IMG_0399x1000Out back on the side-yard corner, “behind” the plastic shed there’s a pine tree. Nice shade with a thick carpet of needles. I mean THICK.
We went around and raised the “skirt,” so now I can get under it and mow what vestigial grasses appeared to grow.
More of an illusion of grass given the thickness of the underlying carpet, the green-grass came-up with the needles after an easy swipe of the metal rake.
Up on the other side of the tree, behind it and toward the fence is a shallow grave or something. A bunch of refuse was piled and covered-up – including the coral from the fish-tank. There’s a thickly matted growth of something underfoot that crunches when you walk on it and is not entirely pine needles either. Previous septic?
From the looks of the slope this is water run-off channel, maybe a “French Drain” given all the rocks and gravel underfoot. And pine needled. LOTS of needles.
So with a few limbs removed from the previous effort, I drove the trailer around to deal. At least ten bags filled and barely a dent.
At least the weather is permissible and pleasant, Happy Valentines – until it rains again!.

About NotClauswitz

The semi-sprawling adventures of a culturally hegemonic former flat-lander and anti-idiotarian individualist, fleeing the toxic cultural smug emitted by self-satisfied lotus-eating low-land Tesla-driving floppy-hat wearing lizadroid-Leftbat Califorganic eco-tofuistas ~

16 thoughts on “Needles

    • The pine tree is close enough to be a torch, the oaks out in the field not so much! Besides, I need the exercise – but I’m gonna get some help and maybe a skip for all the debris.

  1. Dig up all those needles. It constitutes a fuel dump. Toss a pile into your fireplace during your next fire. Should burn pretty quick, after it dries from the fire. Just for reference, although it may provide a nice fragrance, depending on the tree.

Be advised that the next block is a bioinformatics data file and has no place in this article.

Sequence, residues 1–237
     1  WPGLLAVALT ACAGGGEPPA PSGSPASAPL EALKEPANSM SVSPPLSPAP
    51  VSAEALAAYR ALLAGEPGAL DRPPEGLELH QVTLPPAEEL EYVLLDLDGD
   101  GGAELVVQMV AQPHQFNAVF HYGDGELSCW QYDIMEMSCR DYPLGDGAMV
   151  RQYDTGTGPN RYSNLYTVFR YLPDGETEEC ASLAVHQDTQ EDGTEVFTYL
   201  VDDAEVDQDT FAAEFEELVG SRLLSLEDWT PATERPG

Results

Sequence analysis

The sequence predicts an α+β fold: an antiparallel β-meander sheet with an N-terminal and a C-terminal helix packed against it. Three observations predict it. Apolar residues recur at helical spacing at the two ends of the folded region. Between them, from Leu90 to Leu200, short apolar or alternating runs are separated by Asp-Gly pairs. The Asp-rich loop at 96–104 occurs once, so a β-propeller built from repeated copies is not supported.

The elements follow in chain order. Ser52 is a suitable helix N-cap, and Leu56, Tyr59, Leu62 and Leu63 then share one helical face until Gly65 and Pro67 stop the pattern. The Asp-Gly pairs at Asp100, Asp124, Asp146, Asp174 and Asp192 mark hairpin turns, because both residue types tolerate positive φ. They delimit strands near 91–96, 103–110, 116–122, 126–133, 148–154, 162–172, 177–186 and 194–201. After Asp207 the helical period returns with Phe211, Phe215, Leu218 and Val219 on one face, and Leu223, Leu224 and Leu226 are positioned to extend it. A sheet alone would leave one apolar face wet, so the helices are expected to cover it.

I’ve been doing this under a large pine in the side yard. Hasn’t been touched for more than 30 years. One to two feet deep, all the way out to the limits of the span. Along with the two smaller ones up against the house, this extended to the wall and fence. The lower branches are as large as a typical tree, just by themselves. Huge output.

    • Sounds good! Also sounds like you are dealing with a similar situation, though mine is younger and not as deep.
      With it so wet however, the layer a foot down is very soggy and mulchy,

    • Hmm, that didn’t read the way I intended. I was thinking about maybe a double handful or so, from surface and deep, getting it dried out, and then tossing some on the fire to gauge it’s possible fire potential. I understand it can vary depending on age and type of tree, etc.
      Keep your eye out for old garden tractors that have the optional front end loader setup, either with it, or still available on the hobby market. They are generally considered too small for commercial use, but for small property maintenance they are worth the effort to deal with, if obtained for a good price.